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Theater-goers should ignore ‘Someone to Watch over Me’

By John Angell Grant Daily Planet Correspondent
Monday February 19, 2001

Irish playwright Frank McGuinness’ existential prison drama "Someone to Watch over Me" snagged a 1993 Tony Award nomination for its New York production — and the play’s Berkeley opening Saturday by Shotgun Players at Eighth Street Studio was eagerly anticipated by local theater-goers. 

Shotgun’s production, however, turns out to be a disappointing, lightweight affair — far from the company’s best work. 

Playwright McGuinness’ rambling, episodic work tells the story of three men of differing nationalities locked up in a bleak prison cell somewhere. Who they are, where they are, who has locked them up, and the reasons for their incarceration remain unclear for a while, as the story slowly unfolds. 

Bound by chains in a dirty, bleak, corner of the Eighth Street Studio, with their hands manacled and their body movements restricted to a few feet, American Adam (Richard J. Silberg), Irishman Edward (Clive Worsley) and Englishman Michael (Kevin Karrick), banter, argue and befriend each other. They try to keep their sanity in a deprived environment in which they don’t know if it’s night or day. 

This play is sort of a generic hostage and imprisonment story. The details of the politics are vague. 

After a while, it turns out that the men are incarcerated somewhere in Lebanon, innocent bystanders who were scooped off the street at gunpoint on different days, one at a time, as part as an on-going hostage-taking ploy. 

The prisoners talk about religion, politics, sex, poetry, music, families at home, suicide, football, cigarettes and beer. They learn that laughing annoys their captors. They sing for courage. 

To pass the time, the three occasionally play theater games, acting out imaginary scenarios like serving each other elaborate non-existent cocktails, or replaying a famous Wimbledon tennis match.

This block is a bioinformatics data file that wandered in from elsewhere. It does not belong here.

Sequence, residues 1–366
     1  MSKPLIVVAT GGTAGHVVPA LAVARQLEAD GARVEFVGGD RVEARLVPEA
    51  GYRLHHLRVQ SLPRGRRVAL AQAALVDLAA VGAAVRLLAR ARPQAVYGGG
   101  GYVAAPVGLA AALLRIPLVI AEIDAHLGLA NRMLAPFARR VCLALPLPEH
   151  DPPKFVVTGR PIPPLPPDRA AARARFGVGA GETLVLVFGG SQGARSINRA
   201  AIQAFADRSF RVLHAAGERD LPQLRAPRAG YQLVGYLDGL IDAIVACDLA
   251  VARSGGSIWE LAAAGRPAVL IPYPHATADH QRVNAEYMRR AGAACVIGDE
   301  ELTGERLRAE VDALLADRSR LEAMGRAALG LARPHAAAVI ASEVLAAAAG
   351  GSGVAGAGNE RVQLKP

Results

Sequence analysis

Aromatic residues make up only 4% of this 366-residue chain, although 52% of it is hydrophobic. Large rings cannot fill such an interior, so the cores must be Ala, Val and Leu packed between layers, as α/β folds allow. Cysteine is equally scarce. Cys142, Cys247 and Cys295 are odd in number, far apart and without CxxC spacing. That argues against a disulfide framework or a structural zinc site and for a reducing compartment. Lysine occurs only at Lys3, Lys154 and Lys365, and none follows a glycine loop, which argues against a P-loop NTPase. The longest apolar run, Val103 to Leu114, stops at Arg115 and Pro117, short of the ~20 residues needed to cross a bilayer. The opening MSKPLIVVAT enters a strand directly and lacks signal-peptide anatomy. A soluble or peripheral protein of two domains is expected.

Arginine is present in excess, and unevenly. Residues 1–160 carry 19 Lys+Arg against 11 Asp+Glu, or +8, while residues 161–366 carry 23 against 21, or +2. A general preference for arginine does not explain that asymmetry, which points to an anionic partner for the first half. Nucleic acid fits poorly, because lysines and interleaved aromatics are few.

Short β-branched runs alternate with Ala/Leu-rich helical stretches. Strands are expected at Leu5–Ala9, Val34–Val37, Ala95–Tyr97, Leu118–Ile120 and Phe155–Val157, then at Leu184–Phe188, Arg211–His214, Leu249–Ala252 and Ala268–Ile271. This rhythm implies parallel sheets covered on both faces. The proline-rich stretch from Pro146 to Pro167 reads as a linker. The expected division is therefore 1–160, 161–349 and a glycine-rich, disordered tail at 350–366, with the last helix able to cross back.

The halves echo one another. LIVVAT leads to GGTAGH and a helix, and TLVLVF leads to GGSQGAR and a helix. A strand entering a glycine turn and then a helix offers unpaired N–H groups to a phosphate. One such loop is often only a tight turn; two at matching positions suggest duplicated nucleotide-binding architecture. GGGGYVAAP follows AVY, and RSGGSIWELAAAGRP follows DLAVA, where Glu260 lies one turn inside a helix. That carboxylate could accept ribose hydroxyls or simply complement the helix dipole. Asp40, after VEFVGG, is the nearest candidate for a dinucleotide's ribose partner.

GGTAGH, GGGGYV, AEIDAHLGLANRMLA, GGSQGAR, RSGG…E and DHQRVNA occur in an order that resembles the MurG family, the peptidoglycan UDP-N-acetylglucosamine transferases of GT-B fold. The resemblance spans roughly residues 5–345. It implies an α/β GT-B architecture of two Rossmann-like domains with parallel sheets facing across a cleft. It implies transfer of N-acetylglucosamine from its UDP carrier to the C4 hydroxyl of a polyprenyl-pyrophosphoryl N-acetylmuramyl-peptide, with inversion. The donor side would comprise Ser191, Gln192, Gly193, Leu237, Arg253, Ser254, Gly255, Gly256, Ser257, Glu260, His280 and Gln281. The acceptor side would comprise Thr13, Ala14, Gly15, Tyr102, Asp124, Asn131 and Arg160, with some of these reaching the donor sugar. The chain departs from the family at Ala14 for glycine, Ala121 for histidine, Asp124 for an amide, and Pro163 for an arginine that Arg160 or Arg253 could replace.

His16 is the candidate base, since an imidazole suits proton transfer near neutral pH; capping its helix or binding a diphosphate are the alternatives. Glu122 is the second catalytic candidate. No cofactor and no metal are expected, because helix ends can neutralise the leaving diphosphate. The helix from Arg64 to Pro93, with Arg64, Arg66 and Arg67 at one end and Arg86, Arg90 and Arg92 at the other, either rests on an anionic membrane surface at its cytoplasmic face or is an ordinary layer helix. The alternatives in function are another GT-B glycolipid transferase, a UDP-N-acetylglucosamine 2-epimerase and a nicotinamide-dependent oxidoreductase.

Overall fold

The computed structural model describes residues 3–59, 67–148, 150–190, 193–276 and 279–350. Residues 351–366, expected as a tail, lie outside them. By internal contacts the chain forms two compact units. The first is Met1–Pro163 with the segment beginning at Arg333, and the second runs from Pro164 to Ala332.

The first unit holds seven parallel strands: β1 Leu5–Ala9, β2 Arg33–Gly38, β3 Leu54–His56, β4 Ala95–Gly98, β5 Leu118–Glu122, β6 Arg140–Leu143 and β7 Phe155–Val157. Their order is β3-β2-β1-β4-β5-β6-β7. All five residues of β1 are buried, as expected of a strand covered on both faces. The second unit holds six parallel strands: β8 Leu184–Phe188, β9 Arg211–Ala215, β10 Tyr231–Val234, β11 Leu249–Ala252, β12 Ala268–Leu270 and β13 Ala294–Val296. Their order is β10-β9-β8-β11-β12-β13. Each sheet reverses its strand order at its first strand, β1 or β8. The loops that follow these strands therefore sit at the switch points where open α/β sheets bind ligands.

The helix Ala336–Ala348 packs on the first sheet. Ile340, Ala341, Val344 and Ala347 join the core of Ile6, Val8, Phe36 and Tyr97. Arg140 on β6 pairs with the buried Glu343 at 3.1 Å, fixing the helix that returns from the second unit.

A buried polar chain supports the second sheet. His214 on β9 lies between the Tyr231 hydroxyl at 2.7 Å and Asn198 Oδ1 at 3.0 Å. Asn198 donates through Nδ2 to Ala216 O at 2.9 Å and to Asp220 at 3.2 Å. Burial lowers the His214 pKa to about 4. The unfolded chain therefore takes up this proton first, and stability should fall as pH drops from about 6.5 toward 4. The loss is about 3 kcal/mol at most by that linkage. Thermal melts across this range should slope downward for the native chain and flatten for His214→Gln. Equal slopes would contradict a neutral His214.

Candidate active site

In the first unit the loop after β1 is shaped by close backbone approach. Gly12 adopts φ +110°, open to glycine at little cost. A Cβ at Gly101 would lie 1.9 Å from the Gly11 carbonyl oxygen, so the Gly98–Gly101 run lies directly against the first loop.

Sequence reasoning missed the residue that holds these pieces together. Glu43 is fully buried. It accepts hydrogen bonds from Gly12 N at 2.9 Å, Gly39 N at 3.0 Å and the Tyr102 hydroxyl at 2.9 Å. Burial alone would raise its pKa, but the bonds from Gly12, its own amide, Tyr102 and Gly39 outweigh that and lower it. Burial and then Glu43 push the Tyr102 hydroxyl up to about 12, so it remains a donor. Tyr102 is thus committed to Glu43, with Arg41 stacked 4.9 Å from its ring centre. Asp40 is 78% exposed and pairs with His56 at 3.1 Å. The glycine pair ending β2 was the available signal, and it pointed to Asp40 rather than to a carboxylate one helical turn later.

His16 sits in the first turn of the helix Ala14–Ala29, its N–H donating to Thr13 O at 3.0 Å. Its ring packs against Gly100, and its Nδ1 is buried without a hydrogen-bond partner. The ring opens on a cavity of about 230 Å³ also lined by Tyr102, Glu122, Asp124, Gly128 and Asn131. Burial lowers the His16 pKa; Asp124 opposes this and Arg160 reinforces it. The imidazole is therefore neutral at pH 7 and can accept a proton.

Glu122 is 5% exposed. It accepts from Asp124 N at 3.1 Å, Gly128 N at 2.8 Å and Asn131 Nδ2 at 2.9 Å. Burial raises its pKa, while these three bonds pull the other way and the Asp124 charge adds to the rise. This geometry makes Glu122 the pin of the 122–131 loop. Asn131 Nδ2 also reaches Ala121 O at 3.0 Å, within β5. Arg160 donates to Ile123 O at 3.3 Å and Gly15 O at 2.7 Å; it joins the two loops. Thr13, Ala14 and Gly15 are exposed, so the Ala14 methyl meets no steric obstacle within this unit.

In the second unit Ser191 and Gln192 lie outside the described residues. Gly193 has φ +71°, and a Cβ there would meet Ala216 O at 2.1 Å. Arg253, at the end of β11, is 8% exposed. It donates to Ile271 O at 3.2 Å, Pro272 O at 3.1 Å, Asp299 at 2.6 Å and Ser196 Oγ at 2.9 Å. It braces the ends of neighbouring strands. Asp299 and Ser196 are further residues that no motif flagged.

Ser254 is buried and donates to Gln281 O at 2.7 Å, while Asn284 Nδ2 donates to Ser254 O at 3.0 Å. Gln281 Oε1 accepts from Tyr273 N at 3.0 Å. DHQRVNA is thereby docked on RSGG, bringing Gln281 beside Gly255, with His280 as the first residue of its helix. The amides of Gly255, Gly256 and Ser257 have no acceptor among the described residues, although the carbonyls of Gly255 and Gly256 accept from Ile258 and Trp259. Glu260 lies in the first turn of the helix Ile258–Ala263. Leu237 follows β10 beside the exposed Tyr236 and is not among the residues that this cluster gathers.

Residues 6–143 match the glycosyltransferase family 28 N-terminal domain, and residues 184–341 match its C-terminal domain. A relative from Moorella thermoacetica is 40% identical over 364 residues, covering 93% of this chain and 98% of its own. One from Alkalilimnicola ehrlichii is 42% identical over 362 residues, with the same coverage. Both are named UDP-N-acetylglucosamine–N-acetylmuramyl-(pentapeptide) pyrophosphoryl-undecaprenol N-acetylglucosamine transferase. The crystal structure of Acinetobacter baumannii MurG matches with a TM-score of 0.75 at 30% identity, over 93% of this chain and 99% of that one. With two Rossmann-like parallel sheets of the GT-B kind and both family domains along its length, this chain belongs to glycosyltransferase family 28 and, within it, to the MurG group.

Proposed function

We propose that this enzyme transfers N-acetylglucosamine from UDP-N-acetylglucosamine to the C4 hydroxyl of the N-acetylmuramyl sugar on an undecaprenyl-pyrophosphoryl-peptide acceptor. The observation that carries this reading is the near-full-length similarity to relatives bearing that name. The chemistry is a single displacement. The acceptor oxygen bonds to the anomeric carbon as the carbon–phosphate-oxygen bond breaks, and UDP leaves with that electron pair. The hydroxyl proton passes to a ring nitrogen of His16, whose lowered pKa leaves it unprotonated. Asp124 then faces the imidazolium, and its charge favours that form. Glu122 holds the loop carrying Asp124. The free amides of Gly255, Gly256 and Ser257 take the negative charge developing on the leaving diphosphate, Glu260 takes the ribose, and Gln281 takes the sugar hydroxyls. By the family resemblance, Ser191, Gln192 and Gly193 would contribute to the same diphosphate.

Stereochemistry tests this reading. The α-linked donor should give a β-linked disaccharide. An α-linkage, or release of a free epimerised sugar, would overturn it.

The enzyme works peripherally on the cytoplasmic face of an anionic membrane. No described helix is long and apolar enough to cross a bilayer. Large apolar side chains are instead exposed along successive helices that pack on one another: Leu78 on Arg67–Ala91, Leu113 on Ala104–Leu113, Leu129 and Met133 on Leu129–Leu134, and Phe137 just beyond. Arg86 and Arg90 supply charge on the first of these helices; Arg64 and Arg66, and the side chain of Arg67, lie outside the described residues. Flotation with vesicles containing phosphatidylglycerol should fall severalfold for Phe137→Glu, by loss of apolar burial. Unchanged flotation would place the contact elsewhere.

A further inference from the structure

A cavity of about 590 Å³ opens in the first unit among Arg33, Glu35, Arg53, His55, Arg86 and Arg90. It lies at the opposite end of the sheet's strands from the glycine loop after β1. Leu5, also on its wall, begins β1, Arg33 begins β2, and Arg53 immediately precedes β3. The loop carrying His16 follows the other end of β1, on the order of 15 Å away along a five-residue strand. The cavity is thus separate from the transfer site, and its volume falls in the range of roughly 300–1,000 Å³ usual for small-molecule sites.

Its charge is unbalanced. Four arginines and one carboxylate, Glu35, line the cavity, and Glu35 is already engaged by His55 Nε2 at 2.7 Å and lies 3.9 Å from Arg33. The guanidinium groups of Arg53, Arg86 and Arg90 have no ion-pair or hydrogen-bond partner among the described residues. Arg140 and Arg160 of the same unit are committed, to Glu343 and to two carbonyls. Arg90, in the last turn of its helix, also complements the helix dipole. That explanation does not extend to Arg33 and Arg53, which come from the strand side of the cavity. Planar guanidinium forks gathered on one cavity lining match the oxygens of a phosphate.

Though playwright McGuiness has come up with a good idea for a play, its execution doesn’t live up to the concept. He has written a wordy, drifting, story that has almost no story evolution.  

This prison cell feels more like an invented Hollywood cliché prison than a real place. 

A script with these kinds of limitations needs a strong staging to make it all work. Surprisingly, Shotgun’s team under the direction of Patrick Dooley does not deliver the goods. 

This is a static production. You never feel the prisoners’ fear. As they go through their histrionics, the actors sound more like taunting school teens than terrified men on the brink of death. The subtext of conflict, terror and fear that the play needs to fly just isn’t there. 

As American doctor Adam, Richard J. Silberg does not manage to create a believable character. Adam does not seem genuinely affected by his incarceration. His mad scene, for one, comes off hammy and superficial. 

The evening’s strongest acting comes from Kevin Karrick, as widowed twitty Oxbridge English teacher Michael, when he opens up about his life in the final lap of the play, breaking down over the loss of his dead wife. Finally, there is a real emotional connection. 

With this scene, for the first time in the show one of the actors takes control of the theater and the audience. The production picks up from this point on, though it’s already close to the evening’s end. 

Karrick’s later fantasy story about driving his car through the sky over England and seeing places in the countryside he knows well is also powerful and magical. 

But other than these two moments from Karrick, this seems like a sloppy production. Generally, it’s hard to feel why the actors are interacting with each other in a given scene. From an acting point of view, the motivations and connections just aren’t there on the deep level that a play like this needs in order to work. 

In some ways, this feels like a hastily put-together production. For one, the chains that clamp each actor to a small space on the stage aren’t made much use of dramatically in the performances. 

It’s as though the actors didn’t have these binding physical restrictions to work with until the eleventh hour, and didn’t have time to find much meaningful business to do with them. 

"Someone to Watch over Me" seems like it should be a good play for Berkeley. Its themes are important. As Irishman Edward says, "Save us from all who believe they’re right." 

Hopefully we’ll see a strong production of this play sometime down the road. 

"Someone to Watch over Me," presented by Shotgun Players at the Eighth Street Studio, 2525 Eighth Street, Berkeley. The play is performed Thursday through Sunday to March 17. Call 655-0813 or go to